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09/09/2017 - 07:00hs

Syrian chef sells Arab food out of a container in São Paulo

Hatem Masri came to Brazil fleeing the war in Syria. Now, he sells specialties of the Arab cuisine in a recently-opened space at Brigadeiro Faria Lima avenue.


The chef Hatem Masri fled the war in Syria

São Paulo – A little more than a month ago, Syrian Hatem Masri was back to selling his shawarmas, kibbes, stuffed grape leaves and other Arab specialties out of a shipping container at Brigadeiro Faria Lima avenue, one of São Paulo’s main commercial centers. For months, he had been waiting to get back to work, which was interrupted by the city hall political transition in São Paulo.

Before, the Cozinha Masri (Masri Kitchen) served its clients at Paulista avenue, another main commercial – and touristic – center of São Paulo. The Syrian had a tent at the Gastronomic Fair, near the São Paulo Museum of Art (MASP), which was shut down. He went almost eight months without working until he found the new spot.

The recently-opened space is a type of an outdoor food court, with large tables across it, with the restaurants working inside containers.

But the time without work, however, doesn’t even begin to compare to the harshest difficulty faced by Masri, who grew up in Damascus, where he graduated in Gastronomy. He was kidnapped and held hostage by the Islamic State for 20 days during the civil war in Syria, which has been going on for six years already.

“I was walking in the street when a car stopped and grabbed me. We were driving while I was blindfolded, I don’t know where we were. I was with them for around twenty days. I got out because I was able to escape with three more people,” told the Syrian. According to him, the ISIS soldiers noticed the movement and pursued the hostages but they encountered soldiers from the Syrian army – then a gunfight ensued. “I was hit in my right leg. Two of the people that escaped with me were killed in the gunfight,” he said.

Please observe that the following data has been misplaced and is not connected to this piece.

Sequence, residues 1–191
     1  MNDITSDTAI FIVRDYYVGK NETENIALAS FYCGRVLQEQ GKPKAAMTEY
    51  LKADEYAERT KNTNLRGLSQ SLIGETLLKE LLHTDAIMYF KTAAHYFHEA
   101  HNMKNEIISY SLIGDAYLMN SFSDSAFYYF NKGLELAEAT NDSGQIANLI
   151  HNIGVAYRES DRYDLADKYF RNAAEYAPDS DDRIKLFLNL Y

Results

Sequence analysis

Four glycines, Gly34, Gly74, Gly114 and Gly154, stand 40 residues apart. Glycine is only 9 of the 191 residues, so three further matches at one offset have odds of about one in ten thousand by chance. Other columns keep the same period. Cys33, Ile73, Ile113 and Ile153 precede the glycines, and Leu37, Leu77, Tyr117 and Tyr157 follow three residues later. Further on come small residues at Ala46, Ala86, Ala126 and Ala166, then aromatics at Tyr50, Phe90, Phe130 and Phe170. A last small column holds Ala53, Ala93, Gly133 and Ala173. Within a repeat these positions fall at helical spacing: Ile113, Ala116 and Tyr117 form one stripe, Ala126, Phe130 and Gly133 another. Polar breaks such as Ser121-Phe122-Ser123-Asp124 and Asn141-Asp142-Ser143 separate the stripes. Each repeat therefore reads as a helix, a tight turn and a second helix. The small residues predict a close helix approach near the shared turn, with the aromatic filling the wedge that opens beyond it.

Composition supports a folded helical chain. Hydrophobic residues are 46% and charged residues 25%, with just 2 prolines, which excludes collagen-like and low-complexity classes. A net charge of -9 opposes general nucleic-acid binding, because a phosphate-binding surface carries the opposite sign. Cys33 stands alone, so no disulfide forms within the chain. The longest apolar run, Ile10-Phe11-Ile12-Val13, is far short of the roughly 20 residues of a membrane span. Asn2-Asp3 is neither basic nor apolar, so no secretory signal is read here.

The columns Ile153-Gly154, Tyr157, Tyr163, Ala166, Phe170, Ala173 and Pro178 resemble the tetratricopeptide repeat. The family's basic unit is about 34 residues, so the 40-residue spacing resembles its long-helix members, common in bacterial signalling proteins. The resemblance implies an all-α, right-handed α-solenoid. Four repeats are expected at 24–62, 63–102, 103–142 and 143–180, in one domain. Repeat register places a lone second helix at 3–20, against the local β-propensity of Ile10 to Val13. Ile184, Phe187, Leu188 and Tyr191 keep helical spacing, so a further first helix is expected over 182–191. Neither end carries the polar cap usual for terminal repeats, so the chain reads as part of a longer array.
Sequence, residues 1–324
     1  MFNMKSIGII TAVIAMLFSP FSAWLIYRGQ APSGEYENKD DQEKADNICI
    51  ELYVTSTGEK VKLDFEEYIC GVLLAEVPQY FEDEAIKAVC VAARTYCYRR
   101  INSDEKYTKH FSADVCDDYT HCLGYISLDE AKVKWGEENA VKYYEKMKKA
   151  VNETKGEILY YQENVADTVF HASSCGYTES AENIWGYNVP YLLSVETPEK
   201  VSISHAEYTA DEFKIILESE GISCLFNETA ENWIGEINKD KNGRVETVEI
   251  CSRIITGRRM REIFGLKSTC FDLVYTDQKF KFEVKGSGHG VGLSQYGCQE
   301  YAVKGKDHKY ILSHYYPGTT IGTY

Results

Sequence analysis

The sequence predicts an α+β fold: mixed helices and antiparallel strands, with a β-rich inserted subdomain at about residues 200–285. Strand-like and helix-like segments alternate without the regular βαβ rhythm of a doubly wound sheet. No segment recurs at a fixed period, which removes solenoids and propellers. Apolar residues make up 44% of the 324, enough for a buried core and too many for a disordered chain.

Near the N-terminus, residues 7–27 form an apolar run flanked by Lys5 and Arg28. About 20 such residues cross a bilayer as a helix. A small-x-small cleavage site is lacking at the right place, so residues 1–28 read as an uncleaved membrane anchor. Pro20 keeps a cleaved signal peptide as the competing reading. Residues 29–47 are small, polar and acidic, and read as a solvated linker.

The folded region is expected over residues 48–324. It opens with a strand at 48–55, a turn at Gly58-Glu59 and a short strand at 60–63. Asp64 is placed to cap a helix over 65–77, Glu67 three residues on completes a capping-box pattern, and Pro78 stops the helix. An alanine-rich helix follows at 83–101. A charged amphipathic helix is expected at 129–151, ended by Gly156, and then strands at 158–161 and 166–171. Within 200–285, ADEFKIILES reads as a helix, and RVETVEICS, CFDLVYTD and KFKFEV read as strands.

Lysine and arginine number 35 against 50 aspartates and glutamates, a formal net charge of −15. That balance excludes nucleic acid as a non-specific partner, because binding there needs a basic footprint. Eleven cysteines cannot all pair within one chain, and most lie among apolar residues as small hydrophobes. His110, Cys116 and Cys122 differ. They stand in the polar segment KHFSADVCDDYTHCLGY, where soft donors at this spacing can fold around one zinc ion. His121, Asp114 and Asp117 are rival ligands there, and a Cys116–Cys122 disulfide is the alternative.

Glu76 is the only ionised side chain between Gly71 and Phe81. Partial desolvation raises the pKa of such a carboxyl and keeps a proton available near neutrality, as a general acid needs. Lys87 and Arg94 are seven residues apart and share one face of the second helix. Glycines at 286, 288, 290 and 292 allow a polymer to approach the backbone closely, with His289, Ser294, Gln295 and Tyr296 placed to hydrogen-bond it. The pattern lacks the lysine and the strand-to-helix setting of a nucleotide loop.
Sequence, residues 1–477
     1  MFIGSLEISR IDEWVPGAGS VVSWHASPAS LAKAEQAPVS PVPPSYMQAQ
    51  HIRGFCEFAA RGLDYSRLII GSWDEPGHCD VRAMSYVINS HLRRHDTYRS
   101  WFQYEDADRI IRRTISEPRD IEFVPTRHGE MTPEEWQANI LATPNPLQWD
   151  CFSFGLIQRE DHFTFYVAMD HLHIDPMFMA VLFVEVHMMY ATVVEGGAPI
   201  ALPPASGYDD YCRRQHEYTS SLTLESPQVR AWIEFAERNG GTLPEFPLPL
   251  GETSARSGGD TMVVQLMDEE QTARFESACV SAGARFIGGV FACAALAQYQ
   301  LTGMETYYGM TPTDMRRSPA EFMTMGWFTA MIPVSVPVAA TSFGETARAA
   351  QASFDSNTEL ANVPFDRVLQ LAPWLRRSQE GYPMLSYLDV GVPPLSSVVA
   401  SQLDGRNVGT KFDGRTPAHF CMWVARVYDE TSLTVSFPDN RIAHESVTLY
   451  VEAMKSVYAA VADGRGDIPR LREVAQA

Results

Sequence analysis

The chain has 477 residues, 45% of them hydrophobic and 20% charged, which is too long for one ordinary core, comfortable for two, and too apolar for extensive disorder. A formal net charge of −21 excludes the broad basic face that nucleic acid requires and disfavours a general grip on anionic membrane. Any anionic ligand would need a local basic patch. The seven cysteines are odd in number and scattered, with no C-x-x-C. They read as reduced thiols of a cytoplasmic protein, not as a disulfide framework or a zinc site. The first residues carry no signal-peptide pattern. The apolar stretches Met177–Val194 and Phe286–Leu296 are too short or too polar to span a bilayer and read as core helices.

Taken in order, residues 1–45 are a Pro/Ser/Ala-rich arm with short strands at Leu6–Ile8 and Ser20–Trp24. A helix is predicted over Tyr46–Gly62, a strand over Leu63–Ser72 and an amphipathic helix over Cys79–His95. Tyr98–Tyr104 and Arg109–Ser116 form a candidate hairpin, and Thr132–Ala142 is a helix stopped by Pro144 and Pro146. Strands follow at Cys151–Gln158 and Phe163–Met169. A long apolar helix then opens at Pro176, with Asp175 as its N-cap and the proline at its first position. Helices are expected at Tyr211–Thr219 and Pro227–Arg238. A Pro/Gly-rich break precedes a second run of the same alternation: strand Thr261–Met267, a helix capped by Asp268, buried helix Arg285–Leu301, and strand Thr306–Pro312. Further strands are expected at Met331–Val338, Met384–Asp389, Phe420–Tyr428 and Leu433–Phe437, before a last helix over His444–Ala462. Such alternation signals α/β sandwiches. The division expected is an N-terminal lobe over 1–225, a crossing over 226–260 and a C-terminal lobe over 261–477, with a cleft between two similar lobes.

At the time, Masti had relatives in São Paulo. An uncle heard of what happened to him in Syria and helped him move. Upon arrival, without speaking Portuguese and with his diploma in Syrian gastronomy invalid here, he went to work with an Arab at Santa Ifigênia street, a traditional area of electronics sales in São Paulo. “These eight months in which I worked at Santa Ifigênia helped me with the language,” he said.

With the help of some friends, the Syrian moved to the city of Mogi das Cruzes, near São Paulo, where he was a chef of a restaurant specialized in pancakes. Later, he decided to become an entrepreneur and opened an Arab cuisine business.

According to Masri, the competitive differential of his restaurant are the spices, all of them brought from Syria. “I bring everything from there and I prepare them,” he said. In the new place, he has two Brazilian employees. “We are still in the phase of promoting the place. The number of customers are still low, but we are fighting to make it work.”

The Faria Lima Blocks, where the Syrian’s kitchen is established, offers also hamburgers, hot-dogs, Italian food and beers, among others. It’s open from Sunday to Thursday, from 9 am to 11 pm, and on Fridays and Saturdays, from 9 am to midnight. In addition to the restaurant, which also delivers, the Syrian cooks for events and marriages.

Quick info
Cozinha Masri (Masri Kitchen)
Faria Lima Blocks – Avenida Brigadeiro Faria Lima, 4433
From Sunday to Thursday, from 9 am to 11 pm. Fridays and Saturdays, from 9 am to midnight.
Information: https://www.facebook.com/Cozinha-Masri-501534513518868/

*Translated by Sérgio Kakitani

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